Computer company Dell has reported earnings that missed analysts' targets and warned that profits would remain under pressure in the coming months.
Dell is in the process of revamping its management team
The world's second-largest computer firm, Dell has been losing clients as rivals such as Hewlett-Packard have been cutting prices to boost sales.
Dell said net profit was $673m (£345m) in the three months to 2 February on sales of $14.4bn.
The figures are preliminary as Dell's earnings are being investigated.
Dell said earlier this year that it would probably miss the market's earnings targets, prompting the company's founder to take over as chief executive.
Michael Dell founded the company in 1984 while at college and left the top job in 2004 to act as chairman.
He has now replaced Kevin Rollins as chief executive and will also continue as chairman.
"We are disappointed with the company's results, but what matters is our future plan of action," Mr Dell said in a statement. "We won't achieve our goals overnight, but we will achieve our goals."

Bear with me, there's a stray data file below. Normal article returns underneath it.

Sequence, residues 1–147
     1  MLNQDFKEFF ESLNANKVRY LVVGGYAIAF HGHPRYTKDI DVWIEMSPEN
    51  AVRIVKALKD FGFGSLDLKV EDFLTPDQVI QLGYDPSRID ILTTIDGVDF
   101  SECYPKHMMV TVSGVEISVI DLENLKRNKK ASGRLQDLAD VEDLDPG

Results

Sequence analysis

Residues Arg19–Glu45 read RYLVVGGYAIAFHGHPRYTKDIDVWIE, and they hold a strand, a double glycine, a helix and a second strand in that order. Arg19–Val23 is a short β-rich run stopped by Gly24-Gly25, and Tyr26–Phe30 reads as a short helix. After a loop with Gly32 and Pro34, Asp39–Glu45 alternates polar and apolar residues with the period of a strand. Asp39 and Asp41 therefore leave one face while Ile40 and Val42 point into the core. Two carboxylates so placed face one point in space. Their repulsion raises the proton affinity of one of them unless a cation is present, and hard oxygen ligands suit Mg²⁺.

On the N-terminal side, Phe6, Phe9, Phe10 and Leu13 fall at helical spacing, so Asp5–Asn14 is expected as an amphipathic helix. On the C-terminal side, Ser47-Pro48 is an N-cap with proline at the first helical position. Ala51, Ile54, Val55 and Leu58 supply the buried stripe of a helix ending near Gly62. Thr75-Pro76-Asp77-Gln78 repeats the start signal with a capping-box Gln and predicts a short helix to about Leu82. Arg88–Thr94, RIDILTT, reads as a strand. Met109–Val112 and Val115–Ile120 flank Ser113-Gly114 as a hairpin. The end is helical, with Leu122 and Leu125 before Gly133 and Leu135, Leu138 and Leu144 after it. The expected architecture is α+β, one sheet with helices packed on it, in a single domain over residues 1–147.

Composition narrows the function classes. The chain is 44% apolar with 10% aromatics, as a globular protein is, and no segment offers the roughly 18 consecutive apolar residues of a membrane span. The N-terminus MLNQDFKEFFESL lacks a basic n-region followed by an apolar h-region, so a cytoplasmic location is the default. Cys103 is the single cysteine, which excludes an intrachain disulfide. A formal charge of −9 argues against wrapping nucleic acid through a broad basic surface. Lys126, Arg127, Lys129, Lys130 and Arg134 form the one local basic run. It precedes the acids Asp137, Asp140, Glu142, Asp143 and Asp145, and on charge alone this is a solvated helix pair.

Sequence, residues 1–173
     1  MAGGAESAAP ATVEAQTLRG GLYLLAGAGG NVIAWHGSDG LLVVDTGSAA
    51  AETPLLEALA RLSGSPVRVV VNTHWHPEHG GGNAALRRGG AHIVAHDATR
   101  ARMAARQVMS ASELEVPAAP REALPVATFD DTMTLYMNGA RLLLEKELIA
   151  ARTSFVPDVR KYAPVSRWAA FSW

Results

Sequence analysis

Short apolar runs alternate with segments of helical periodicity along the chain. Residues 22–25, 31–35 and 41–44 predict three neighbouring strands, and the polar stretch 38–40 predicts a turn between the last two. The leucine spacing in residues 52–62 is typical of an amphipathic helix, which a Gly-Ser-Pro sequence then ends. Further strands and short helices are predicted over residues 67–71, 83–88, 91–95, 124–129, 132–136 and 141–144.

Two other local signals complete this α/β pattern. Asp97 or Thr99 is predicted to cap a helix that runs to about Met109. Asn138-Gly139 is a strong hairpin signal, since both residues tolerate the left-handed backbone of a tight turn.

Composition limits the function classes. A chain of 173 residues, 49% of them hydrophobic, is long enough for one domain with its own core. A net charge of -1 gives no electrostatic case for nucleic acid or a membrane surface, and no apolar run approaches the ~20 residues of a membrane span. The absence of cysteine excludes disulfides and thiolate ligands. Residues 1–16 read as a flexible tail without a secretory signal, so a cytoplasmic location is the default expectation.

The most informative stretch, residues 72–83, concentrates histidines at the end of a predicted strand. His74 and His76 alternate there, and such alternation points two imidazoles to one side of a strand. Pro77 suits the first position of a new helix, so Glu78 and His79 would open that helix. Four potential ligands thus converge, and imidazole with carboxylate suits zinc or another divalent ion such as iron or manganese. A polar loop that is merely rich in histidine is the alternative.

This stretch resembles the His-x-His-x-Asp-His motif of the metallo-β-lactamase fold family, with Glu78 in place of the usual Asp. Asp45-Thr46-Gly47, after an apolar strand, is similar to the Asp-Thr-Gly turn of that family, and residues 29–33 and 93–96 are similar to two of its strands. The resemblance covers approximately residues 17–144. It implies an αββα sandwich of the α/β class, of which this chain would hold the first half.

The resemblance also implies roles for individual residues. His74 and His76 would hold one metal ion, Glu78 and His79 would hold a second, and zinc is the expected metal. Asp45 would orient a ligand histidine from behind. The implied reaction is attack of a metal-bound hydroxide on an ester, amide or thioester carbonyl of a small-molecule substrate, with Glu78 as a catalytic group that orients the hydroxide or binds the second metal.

The company's shares fell 1.6% in after-hours electronic trading in New York, indicating that they would fall when US stock markets opened on Friday.
Dell has been struggling to fight off a reinvigorated Hewlett-Packard (HP), which overtook it as the world's largest computer maker last year.
HP has been cutting costs to attract customers, while Dell has been beset by slowing sales, complaints of poor service and a Securities and Exchange Commission into its earnings.
Dell said its growth and profit margins "will be under pressure" in the next several quarters.